Nuclear “doesn’t have the conditions for success to be built and scaled economically in the 21st Century, and wind, water, solar, transmission and storage do,” writes Michael Barnard, chief strategist for TFIE Strategy and editor of The Future is Electric.
The sector’s other vital signs continue to founder — industry CEOs know this, as do leaders of the countries that signed the declaration in Dubai. Nuclear energy’s share of global commercial electricity generation in 2022 dropped to just 9.2% — roughly half its all-time high of 17.5% almost three decades ago in 1996. In France, output from the country’s beleaguered nuclear fleet dropped roughly 120 terawatt hours below the 2005-15 level of around 400 TWh, and for the first time since 1980 the country (whose fleet is the world’s second-largest) became a net electricity importer, according to the WNISR.
Solar and wind power together began outperforming nuclear in 2021, and that trend continued last year with the two generating 28% more electricity than nuclear and contributing 11.7% of global generation. Solar alone produced more power than nuclear in China for the first time in 2022, as it already had in India, and solar and wind combined produced more power than nuclear in the European Union, the report notes.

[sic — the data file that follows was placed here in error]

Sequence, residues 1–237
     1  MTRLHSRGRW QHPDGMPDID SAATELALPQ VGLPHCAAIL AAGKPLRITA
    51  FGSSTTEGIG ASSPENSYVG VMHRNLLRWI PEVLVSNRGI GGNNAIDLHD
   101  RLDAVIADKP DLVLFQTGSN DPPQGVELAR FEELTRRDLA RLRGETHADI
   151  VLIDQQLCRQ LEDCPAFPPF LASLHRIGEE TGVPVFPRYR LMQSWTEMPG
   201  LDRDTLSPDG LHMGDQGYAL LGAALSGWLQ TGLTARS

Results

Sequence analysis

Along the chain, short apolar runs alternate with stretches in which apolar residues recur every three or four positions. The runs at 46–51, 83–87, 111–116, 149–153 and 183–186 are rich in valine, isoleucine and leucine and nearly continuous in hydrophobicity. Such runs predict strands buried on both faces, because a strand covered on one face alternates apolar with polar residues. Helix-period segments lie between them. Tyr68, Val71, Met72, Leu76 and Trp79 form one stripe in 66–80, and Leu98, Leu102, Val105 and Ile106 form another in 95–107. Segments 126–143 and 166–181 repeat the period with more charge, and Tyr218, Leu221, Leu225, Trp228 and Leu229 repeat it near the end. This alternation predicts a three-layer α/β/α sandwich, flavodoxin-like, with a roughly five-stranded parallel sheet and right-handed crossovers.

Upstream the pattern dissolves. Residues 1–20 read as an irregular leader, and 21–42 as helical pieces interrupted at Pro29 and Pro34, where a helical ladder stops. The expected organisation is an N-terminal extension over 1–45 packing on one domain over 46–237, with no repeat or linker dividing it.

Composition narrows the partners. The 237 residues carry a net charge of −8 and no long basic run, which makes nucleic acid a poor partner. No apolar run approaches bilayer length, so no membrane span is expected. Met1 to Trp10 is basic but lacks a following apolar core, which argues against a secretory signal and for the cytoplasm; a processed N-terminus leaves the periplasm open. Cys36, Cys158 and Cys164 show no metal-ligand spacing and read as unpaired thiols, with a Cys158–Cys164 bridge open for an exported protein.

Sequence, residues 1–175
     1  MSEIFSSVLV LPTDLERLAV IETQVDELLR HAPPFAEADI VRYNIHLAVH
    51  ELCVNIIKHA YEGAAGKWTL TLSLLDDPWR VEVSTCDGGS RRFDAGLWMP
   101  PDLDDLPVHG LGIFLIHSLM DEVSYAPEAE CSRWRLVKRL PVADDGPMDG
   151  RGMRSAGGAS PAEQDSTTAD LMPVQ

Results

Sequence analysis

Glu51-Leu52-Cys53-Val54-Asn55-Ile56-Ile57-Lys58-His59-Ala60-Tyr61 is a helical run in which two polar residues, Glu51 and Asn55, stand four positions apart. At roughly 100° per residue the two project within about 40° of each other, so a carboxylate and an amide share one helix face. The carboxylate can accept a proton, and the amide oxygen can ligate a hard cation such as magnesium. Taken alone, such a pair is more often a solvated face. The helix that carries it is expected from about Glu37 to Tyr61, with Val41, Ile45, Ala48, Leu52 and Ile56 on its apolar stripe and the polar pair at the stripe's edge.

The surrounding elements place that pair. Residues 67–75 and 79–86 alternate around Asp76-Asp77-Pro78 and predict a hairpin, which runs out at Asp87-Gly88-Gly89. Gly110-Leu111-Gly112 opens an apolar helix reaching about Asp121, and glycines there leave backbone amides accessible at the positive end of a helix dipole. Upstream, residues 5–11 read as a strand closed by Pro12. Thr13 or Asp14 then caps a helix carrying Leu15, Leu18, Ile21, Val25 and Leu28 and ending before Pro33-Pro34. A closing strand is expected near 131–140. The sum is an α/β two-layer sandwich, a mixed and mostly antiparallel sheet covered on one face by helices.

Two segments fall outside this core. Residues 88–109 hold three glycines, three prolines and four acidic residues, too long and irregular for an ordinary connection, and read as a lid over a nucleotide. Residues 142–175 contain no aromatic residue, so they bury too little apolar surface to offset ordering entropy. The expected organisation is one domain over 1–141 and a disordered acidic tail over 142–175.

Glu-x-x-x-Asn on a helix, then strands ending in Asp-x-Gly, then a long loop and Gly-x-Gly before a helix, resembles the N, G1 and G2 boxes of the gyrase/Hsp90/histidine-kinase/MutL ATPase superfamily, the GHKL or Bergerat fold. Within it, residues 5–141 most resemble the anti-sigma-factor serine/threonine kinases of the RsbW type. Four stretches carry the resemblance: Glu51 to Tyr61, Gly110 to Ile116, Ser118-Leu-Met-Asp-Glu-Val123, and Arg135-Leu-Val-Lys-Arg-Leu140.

As renewables continued adding substantial amounts of new capacity to grids across the planet — 348 GW in 2022 — nuclear staggered along, adding only 4.3 GW last year. Even in China, with the world’s fastest-growing nuclear program, the rate of new reactor construction is slowing and renewables are growing much faster.
For world leaders in Dubai, 2050 is a long way out. By signing onto the US initiative, they could opportunistically curry favor with Washington while appearing to be doing something about climate change. However cynical their reasons, their support likely means that substantial sums of money — much of it from taxpayers or ratepayers — will flow toward an effort with little chance of success. Meanwhile, those pocketing the bounty will be lawyers, PR firms, politicians, corporations and utilities perpetuating the fantasy that nuclear energy will make a difference.